An escape the room style game has been blasted by the Anne Frank Foundation for bearing an uncanny resemblance to the teenager’s wartime hideout.
The escape room craze has swept the globe with players locked inside a room with roughly an hour to decipher puzzles and find clues to break out.
But a tourist attraction in the town of Valkenswaard, roughly 85 miles south of Amsterdam, has been heavily criticised for its latest insensitive challenge.
Dutch adventure company Escape Bunker has been forced to apologise for creating the controversial room, likened to the atrocities of the Second World War.
Inside, the layout includes a secret annexe resembling the Amsterdam apartment where the teenager and six others hid from the Nazis.
The Anne Frank Foundation, which manages the museum and preserved apartment, labelled the game ‘condescending’.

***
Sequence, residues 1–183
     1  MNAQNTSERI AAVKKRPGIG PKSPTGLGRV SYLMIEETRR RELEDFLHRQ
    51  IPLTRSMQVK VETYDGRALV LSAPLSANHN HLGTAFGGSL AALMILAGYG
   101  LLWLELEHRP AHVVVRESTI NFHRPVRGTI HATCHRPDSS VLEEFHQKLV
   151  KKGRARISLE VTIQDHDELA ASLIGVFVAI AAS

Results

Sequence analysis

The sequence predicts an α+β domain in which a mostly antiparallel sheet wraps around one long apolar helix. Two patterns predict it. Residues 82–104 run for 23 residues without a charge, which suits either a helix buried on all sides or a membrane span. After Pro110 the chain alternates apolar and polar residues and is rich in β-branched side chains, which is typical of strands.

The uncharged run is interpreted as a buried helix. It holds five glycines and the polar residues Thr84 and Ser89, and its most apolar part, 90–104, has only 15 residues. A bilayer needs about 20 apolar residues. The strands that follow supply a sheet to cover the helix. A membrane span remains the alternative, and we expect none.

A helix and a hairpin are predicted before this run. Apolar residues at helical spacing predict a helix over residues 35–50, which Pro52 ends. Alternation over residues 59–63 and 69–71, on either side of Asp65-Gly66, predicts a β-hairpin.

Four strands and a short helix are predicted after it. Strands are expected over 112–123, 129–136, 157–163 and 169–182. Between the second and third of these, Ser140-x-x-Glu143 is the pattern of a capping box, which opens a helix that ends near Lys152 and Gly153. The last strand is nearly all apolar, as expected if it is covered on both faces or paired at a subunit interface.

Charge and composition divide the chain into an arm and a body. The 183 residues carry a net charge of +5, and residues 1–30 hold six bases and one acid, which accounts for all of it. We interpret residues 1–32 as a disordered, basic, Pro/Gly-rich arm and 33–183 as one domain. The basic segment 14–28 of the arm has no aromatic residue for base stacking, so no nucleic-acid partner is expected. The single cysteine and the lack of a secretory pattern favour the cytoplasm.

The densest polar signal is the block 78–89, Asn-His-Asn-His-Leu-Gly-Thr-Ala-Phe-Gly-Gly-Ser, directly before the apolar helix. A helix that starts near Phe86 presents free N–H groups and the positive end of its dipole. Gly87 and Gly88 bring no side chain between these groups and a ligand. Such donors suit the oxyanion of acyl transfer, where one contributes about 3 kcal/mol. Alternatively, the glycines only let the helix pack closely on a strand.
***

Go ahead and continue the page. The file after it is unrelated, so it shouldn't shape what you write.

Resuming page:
The Local quoted the Foundation saying: “It shows very little empathy for survivors of the Shoah [Holocaust] to use the annex as a backdrop for an escape room.”
The bunker also creates “the impression that hiding from the Nazis was an exciting pastime”, they said.
They added the premise suggested "that if people in hiding were smart enough they would not be caught.
"That is not only historically - and so also educationally - inaccurate, but also condescending.”
Organiser of the company, Thijs Verberne, said they “did not mean to offend anybody”, but added they would change some of the wording associated with the game.
Anne Frank posthumously rose to fame after her diary, given to her on her 13th birthday, was published detailing life in hiding from 1942 – 44.
Anne tragically died aged 15 in the Bergen-Belsen concentration camp around February 1945, just two months before the Nazis were defeated.
Her diary has sold more than 30 million copies and been translated into more than 60 languages.
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